Noel Conway, who is terminally ill with motor neurone disease, wants to determine when he ends his life.
And his fight has been overwhelmingly supported by Shropshire Star readers.
In a poll of more than 900 readers on shropshirestar.com, 93 per cent said they supported Mr Conway's right to die.
Scores of well-wishers left supportive comments after reading about the case in Saturday's Star.
The former college lecturer, 67, is bringing a judicial review that could result in a change to the law on assisted dying.
Mr Conway's condition means he is not expected to live more than a year, although he says he fears becoming "entombed" in his body during that time as his muscles gradually weaken.
He wants a doctor to be able to prescribe a lethal dose when his health deteriorates. He is supported by his wife Carol.
The case will be the first High Court challenge to the existing law since MPs rejected an attempt to introduce assisted dying in 2015 and the first such case since right-to-die campaigners lost their appeal before the Supreme Court in 2014.
Star readers made it clear which side of the debate they are on, with just seven per cent opposing his view.
They also expressed their support in comments left online about Mr Conway's story.
Scott Jones, of Shrewsbury, said: "Noel was my a tutor when I was at college and I have worked with his wife Carol. Both are fabulous people. I wish them all the very best and hope they get the legislative support that they desire to move forwards with dignity."
Phil Barley, of Telford, said: "People should have the right to choose their end of life and I truly hope he wins his case.
"No one deserves to suffer like this for themselves and, however objectionable, it is a release for the family who suffer the mental torture of seeing their loved one deteriorate, suffering, and the unknown period prior to their loved one's demise."
Tracy Price, from the Church Stretton area, said: "The pain threshold is different for everyone and unless you have experienced that much pain you can never understand what people are going through.
"He should be allowed to decide whilst he can what he wants to do."
Jayne Risely, from Telford, said: "My sister died from the same illness. We had to see her suffer in pain and it is a dreadful disease. I think they should give you the choice to decide to end your life, no person should suffer to the end."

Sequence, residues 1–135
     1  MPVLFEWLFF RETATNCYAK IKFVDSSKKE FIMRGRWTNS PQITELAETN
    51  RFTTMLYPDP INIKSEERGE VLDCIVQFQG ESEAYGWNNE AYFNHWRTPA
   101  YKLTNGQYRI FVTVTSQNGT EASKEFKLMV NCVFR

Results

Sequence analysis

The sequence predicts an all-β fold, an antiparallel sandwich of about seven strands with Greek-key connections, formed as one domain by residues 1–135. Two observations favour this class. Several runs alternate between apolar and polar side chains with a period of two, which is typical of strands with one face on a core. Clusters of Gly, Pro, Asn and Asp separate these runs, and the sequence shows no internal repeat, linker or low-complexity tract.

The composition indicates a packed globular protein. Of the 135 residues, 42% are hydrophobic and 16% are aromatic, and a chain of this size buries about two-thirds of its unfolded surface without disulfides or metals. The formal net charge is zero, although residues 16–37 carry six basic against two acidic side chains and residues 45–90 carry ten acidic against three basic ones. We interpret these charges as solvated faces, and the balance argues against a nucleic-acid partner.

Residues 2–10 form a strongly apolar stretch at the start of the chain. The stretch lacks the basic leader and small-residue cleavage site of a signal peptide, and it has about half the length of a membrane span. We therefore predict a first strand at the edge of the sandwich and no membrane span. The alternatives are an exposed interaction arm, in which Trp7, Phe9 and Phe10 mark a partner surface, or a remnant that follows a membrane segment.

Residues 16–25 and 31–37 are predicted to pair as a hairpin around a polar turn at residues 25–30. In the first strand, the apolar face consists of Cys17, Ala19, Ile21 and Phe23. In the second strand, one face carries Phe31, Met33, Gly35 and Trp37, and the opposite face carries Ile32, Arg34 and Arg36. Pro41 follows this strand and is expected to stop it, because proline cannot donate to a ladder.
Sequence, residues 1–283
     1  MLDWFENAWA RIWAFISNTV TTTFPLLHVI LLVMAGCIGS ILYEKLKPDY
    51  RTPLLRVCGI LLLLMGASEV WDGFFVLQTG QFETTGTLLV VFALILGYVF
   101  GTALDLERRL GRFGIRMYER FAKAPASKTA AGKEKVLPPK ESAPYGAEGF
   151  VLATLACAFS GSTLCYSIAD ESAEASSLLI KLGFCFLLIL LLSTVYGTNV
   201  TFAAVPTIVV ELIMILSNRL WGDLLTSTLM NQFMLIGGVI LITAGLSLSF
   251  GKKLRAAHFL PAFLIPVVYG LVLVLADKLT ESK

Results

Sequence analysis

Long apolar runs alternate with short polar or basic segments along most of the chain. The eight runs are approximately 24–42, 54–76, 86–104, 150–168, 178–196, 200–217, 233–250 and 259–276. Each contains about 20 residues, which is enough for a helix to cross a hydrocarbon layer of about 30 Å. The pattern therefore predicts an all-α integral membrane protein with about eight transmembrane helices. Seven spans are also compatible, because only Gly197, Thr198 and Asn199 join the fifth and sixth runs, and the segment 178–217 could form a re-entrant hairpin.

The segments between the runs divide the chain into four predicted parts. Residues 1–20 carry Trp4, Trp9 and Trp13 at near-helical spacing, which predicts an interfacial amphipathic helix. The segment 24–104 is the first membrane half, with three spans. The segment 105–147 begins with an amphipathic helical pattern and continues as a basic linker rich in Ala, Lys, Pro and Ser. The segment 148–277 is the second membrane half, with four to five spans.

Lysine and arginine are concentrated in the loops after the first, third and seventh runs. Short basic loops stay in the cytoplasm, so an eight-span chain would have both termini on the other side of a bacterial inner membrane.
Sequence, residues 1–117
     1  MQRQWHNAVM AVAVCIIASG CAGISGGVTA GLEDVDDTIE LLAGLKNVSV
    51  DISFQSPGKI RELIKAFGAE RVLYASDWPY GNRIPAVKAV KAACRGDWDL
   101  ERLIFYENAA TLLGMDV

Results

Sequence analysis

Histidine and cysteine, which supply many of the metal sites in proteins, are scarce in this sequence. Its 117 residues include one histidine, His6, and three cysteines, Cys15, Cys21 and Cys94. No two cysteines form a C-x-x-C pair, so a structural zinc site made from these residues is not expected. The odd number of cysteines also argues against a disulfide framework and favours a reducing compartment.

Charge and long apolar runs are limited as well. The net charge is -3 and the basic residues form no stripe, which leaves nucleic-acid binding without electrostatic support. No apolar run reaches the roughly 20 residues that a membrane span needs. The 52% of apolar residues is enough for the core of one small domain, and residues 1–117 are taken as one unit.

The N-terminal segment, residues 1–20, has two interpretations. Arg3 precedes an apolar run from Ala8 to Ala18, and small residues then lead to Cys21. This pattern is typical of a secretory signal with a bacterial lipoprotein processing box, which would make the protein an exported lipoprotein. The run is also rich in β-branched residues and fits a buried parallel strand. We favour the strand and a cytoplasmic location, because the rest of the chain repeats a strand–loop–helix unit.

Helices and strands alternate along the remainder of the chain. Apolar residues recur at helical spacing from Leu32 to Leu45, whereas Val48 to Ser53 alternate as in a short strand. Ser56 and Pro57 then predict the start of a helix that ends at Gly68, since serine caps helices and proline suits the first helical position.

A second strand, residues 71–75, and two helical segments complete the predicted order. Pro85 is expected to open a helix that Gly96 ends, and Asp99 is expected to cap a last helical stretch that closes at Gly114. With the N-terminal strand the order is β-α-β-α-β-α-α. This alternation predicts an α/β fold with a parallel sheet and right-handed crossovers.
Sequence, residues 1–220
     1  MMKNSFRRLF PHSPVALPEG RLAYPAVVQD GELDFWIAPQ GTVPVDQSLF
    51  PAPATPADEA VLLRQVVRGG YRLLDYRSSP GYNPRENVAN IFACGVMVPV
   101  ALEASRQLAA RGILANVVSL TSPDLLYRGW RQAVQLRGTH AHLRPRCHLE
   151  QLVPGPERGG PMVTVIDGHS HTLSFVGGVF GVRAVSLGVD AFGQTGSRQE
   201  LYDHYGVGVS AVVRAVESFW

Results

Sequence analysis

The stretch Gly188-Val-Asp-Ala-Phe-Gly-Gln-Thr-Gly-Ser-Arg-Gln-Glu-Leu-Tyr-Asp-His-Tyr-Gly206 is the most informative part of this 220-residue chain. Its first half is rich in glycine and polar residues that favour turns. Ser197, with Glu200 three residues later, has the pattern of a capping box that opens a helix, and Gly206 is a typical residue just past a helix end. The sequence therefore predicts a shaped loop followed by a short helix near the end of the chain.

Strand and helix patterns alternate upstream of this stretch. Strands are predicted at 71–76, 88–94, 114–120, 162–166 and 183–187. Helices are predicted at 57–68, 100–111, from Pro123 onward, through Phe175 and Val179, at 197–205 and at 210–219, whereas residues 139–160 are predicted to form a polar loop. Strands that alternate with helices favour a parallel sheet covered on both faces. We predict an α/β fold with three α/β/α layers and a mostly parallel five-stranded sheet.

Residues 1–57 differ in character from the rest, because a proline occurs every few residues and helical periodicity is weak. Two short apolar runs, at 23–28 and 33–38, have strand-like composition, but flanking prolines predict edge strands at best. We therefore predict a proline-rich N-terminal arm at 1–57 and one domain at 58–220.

Lisa Evans, from the Oswestry area, said: "There are lots of human rights laws in this country, but yet those that have the power think that one of the most important things is to be illegal.
"This poor man wants to decide how he goes, to make sure he has control, but no – others say he has no choice in that matter.
"Human rights exist until you want out."
Kirsty Stephens, of Telford, said: "Anyone with capacity and a life limiting disease or condition should have the right to make a decision on their right to die.
"They should be allowed to die in their own homes with their family around them, not have to travel to Switzerland to die."
Mr Conway said he had considered travelling to Dignitas in Switzerland to have an assisted death but it was expensive, he may not be well enough to make the journey, and in any case he would end up dying away from home without his loved ones around him.
He has instructed specialist public law experts at Irwin Mitchell to seek permission for a judicial review on the grounds that the current laws contained in the Suicide Act 1961 are incompatible with his basic rights – to be able to die with dignity.
The law firm has issued proceedings in the High Court and hopes that a full hearing will take place in early 2017.